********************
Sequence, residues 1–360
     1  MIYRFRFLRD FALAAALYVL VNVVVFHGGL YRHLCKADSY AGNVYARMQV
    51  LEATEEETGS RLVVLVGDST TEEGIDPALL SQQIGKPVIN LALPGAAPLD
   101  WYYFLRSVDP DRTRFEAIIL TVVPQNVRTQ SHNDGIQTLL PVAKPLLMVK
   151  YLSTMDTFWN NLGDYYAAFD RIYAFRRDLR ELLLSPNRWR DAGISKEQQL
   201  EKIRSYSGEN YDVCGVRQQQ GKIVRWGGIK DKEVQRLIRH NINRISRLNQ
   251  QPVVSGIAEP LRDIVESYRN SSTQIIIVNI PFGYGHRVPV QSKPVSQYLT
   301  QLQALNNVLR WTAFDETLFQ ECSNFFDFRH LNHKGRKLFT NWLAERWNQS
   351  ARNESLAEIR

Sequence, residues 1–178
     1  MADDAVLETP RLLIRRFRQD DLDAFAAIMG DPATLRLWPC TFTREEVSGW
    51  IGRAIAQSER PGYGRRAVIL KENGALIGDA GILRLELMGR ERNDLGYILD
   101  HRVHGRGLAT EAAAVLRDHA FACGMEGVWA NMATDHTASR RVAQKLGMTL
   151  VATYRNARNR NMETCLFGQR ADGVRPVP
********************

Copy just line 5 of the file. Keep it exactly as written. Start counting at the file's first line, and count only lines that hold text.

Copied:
   151  YLSTMDTFWN NLGDYYAAFD RIYAFRRDLR ELLLSPNRWR DAGISKEQQL